The Mental Health Association operates a group home, for ten residents, in this building at 900 Columbia Street.
They are proposing to construct a new building behind this one. When the new building is completed and the ten residents moved in, the existing house will be demolished and the space where it stood used for parking. Although the building has been renovated several times--most recently in 2005 and 2006--Carl Whitbeck, who, as counsel for the Mental Health Association, presented the project to the commission, said, "We've got to stop occupying this building." Commission member Samuels was enthusiastic about the plan, saying, "Taking down the building would be nice."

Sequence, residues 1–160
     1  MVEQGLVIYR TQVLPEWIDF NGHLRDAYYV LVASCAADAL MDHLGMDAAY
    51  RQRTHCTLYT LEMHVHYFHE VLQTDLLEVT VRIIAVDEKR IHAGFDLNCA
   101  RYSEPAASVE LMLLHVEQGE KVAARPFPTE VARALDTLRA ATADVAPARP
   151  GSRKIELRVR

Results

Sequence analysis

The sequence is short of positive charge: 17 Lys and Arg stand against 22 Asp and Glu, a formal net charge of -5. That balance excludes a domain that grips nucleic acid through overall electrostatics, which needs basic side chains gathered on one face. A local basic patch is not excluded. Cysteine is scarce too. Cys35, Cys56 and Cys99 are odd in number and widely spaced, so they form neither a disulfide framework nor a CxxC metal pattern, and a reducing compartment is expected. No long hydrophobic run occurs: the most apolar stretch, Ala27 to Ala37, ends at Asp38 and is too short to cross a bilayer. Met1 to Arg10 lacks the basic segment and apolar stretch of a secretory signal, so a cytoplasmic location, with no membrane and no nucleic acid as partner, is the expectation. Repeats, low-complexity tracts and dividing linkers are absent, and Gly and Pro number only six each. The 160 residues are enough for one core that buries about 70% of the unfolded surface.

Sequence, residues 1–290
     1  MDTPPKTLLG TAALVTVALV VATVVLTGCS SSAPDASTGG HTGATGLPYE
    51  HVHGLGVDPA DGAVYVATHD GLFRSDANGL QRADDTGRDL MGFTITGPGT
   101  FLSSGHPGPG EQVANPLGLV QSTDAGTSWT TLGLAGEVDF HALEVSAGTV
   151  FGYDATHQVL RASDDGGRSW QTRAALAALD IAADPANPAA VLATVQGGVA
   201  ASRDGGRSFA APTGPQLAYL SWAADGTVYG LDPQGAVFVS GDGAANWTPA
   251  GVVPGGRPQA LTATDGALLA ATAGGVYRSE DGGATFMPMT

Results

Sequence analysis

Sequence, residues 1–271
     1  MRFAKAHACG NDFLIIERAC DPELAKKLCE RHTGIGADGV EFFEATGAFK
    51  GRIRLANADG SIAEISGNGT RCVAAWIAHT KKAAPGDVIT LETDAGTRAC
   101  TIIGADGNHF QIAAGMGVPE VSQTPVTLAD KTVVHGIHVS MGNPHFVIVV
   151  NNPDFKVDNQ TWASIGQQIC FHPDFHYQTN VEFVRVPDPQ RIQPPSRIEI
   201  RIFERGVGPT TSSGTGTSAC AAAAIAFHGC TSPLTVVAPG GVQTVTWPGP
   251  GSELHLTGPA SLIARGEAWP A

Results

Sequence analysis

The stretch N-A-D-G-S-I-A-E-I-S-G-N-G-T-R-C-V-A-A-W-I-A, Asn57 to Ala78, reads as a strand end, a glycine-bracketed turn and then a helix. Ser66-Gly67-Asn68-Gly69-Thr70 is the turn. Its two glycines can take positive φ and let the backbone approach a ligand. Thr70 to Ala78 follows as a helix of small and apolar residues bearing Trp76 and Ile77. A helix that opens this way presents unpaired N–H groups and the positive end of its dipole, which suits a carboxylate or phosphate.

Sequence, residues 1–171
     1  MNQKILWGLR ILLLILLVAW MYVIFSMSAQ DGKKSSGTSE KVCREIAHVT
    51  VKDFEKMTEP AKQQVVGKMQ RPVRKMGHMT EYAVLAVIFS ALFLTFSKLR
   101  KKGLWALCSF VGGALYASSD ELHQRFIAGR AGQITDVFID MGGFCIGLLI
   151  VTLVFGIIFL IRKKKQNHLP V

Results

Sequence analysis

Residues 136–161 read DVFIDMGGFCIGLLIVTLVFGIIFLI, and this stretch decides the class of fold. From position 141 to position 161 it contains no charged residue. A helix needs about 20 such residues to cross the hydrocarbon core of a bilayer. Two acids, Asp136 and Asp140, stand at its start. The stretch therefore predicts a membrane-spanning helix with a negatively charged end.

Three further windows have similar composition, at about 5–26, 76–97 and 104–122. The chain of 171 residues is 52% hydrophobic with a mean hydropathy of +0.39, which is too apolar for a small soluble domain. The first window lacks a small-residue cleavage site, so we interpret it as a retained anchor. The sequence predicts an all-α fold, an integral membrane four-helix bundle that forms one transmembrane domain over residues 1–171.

Whitbeck described the building as 19th century, as if that fact alone were justification for tearing it down. The design of the house suggests that it is very early 19th century or possibly late 18th century. With five bays and a center hall, the original building (the sixth bay at the right is an addition) is similar to several houses on lower Union Street: 117, 119-123, 211, 241--all built by Proprietors (the founders of Hudson) or sons of Proprietors. The location of the house, on the road to Claverack, also suggests its antiquity. A building where Martin Van Buren, eighth President of the United States, once had a law office stood across the street from this house, until a few years ago when it was demolished to expand a parking lot. Research may reveal that 900 Columbia Street also has important connections to local history, but whether it does or not, it's a part of Hudson's architectural heritage, and it should be preserved, not demolished for offstreet parking.